It’s review time; time to talk about your performance over the last month, quarter or (heaven forbid) year. Even if you have hit all your goals and are feeling good about your work, the idea of a performance review might still be leaving you with an uncomfortable feeling.
It doesn’t matter what side of the table you’re sitting on, and you probably sit on both – as a manager and a team member, performance conversations aren’t that fun. Additionally, mishandled performance conversations can negatively impact your team and lead to reduced engagement, lower performance and higher turnover. It’s time to think about shaking up your performance management.
Here are a few simple points that will help you make performance conversations constructive, fair and engaging:
- Be Consistent. There has been a wealth of research in recent years that suggests that moving from rigid, yearly reviews to continuous coaching is a much more effective approach to performance. Set a cadence to have your conversations regularly and don’t skip them. Have regular check-ins to track progress and see where support is needed.
- Culture is key. Company culture and engagement are critical to your ability to attract and keep great people. The way you handle performance should reflect your company’s culture. Use the same language and philosophy when creating and discussing performance management. If your company values clarity and acting quickly, talk about it weekly. If you value community, talk about the person’s impact on their team-mates, as well as how they’ve contributed to reaching defined targets and figures. Make sure that your process has the look and feel of your brand.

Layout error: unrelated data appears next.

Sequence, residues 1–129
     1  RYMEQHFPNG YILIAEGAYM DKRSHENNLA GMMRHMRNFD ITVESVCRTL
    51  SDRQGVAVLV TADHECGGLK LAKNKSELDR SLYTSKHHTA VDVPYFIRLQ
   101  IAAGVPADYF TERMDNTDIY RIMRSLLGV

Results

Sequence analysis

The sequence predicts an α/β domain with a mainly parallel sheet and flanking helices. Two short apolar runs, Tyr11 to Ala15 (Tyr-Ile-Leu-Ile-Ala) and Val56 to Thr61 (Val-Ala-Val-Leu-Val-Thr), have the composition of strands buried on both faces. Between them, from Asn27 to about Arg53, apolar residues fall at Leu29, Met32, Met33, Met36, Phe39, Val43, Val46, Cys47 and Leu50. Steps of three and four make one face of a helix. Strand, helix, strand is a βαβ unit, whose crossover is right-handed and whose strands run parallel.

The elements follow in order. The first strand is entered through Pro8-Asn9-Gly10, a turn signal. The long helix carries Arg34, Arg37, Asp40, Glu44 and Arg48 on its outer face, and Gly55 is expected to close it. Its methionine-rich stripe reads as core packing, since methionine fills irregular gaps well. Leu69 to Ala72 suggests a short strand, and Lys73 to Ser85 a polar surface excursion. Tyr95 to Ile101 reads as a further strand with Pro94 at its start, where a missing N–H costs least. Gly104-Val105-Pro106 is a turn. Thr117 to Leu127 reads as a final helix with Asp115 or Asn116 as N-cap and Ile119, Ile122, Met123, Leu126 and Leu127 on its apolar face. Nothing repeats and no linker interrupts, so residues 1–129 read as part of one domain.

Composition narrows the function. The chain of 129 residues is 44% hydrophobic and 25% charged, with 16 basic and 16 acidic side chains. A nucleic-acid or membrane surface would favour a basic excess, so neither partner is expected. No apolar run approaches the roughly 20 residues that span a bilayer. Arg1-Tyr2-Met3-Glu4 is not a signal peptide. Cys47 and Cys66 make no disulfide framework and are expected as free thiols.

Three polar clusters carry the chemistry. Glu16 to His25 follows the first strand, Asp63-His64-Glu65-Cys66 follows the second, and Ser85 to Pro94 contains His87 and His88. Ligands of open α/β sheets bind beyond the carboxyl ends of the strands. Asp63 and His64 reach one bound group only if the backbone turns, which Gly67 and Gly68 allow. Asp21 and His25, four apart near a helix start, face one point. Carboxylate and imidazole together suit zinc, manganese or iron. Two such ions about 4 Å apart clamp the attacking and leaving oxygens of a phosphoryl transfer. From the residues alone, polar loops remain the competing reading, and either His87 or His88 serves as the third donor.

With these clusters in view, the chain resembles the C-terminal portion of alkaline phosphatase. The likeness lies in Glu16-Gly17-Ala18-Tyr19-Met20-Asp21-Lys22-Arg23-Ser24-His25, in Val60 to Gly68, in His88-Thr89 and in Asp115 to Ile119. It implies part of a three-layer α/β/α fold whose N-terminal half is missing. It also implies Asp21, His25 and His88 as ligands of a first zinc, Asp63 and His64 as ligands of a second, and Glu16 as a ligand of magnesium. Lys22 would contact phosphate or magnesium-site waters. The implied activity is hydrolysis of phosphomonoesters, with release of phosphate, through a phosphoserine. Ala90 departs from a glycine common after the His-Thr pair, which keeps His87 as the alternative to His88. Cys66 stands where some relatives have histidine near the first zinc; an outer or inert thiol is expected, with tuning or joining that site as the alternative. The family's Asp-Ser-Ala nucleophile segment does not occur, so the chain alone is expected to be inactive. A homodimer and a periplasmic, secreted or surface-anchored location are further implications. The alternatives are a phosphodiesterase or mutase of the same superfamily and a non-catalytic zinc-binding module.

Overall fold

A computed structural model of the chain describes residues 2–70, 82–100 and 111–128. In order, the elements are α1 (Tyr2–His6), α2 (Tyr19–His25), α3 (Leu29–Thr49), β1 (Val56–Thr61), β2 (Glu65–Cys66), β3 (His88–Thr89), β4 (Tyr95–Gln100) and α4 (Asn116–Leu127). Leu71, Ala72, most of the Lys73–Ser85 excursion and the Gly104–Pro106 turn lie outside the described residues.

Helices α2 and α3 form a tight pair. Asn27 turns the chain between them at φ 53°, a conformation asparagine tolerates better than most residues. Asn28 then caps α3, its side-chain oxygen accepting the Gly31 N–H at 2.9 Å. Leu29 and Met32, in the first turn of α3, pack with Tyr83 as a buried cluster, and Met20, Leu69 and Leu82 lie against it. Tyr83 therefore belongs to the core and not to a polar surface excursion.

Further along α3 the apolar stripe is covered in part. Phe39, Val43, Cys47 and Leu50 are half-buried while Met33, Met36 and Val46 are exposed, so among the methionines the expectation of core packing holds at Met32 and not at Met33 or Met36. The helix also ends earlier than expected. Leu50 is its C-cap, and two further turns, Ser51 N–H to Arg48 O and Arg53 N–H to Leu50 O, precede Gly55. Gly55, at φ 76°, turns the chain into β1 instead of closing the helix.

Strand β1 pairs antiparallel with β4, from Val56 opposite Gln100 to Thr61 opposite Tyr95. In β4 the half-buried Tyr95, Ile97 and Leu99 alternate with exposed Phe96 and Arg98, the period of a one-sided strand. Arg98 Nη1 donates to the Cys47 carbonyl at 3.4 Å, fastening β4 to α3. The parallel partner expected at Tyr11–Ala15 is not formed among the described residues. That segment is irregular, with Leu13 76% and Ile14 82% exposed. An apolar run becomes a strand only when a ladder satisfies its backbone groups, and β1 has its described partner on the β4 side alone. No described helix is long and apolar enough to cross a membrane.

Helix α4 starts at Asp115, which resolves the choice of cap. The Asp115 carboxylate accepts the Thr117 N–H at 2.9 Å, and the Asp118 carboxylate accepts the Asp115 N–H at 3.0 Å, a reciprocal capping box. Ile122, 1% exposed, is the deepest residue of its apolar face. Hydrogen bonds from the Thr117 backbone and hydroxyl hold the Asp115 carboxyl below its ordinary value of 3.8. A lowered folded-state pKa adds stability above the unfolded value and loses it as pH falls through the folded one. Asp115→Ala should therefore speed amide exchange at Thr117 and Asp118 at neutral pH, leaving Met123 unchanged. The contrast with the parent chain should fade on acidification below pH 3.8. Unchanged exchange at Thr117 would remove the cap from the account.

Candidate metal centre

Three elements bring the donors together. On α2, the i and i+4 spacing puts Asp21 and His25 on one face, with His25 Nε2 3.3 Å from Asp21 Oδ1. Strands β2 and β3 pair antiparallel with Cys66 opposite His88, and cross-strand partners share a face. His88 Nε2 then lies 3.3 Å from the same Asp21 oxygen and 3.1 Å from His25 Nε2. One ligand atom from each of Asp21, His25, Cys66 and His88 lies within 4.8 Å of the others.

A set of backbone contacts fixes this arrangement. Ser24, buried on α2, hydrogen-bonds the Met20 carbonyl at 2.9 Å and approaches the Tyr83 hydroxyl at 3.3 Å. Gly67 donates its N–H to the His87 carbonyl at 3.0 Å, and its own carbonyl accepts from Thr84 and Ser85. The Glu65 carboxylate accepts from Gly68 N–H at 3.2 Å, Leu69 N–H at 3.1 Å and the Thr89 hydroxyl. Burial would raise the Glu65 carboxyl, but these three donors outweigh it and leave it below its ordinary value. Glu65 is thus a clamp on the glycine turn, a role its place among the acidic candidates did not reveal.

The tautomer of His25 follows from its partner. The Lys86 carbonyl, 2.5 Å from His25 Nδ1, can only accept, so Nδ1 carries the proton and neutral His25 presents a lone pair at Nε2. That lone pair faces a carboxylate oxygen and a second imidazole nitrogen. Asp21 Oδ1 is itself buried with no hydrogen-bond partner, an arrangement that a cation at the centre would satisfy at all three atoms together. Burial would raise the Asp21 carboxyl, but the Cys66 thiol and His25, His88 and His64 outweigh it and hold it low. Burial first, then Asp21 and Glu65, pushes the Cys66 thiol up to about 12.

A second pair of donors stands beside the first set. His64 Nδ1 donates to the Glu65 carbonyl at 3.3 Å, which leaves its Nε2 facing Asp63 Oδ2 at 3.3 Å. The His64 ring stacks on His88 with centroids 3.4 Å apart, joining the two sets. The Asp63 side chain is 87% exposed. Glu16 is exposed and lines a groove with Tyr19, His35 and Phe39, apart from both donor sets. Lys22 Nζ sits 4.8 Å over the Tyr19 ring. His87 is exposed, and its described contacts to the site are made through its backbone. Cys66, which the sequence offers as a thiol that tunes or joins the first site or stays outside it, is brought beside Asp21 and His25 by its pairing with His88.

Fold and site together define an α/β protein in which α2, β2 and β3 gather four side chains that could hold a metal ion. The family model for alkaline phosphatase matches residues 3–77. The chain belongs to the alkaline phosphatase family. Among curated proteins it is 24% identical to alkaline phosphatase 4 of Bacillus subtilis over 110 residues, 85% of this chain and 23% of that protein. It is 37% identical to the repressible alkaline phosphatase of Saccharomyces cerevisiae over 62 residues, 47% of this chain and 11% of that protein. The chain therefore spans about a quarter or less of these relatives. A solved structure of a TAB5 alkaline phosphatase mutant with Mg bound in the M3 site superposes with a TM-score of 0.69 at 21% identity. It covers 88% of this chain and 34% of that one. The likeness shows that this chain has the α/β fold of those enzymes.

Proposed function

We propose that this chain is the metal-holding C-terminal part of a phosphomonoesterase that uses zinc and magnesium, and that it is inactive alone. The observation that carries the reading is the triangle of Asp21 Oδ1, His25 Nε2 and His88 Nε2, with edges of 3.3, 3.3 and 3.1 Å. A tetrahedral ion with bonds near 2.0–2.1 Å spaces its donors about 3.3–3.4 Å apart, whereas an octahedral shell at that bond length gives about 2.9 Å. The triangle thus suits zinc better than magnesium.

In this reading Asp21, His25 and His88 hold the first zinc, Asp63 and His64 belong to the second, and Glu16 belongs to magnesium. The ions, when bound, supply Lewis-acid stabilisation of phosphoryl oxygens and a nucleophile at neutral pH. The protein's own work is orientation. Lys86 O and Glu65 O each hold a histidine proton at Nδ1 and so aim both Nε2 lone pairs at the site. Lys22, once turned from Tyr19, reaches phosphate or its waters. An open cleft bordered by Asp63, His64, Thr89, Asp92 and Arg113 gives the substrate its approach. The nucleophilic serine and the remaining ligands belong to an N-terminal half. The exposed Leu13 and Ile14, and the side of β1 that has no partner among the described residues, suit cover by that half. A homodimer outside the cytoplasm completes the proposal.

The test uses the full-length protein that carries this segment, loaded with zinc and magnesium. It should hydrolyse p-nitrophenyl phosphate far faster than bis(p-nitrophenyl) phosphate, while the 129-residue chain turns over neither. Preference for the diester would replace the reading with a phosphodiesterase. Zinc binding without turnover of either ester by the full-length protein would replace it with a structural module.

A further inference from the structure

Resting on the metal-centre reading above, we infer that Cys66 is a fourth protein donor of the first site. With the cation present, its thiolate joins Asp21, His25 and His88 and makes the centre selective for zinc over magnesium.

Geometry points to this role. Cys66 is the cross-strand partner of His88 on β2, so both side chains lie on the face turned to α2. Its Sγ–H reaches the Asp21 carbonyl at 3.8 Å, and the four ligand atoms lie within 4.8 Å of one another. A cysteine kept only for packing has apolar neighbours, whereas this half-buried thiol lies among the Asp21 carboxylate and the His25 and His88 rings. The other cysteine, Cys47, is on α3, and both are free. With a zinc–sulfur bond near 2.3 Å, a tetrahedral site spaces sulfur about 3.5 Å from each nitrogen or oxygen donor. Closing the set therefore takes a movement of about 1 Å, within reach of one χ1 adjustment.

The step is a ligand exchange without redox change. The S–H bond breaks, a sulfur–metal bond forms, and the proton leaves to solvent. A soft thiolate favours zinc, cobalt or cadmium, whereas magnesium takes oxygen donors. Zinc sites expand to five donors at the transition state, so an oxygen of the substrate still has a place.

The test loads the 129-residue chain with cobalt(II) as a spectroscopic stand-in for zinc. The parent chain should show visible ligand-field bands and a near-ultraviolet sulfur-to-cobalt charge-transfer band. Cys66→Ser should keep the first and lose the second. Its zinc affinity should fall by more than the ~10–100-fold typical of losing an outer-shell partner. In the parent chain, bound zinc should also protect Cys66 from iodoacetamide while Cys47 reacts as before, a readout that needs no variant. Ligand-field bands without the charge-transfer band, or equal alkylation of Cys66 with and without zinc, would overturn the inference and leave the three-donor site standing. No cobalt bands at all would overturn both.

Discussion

- Be real, be kind. Don’t use corporate slogans or talk in acronyms, instead be open and honest. Have respect for individuality and celebrate the fact that everyone is different. I worked with an inspiring people leader who often said “kill them with kindness.” It was remarkable seeing the results from a kind approach in performance conversations compared to at best, long dry conversations and at worst, intimidation or outright threats. Coach your people with constructive feedback, don’t manage them by pointing out things they might be lacking.
No one wants to sit through a performance appraisal styled after a corporate firm from the 90’s. Performance can be a supportive, engaging process that is rewarding for the leader as well as the individual. There is a wealth of information on dealing with performance management, and ultimately the approach that fits your organisation will (and should!) be different.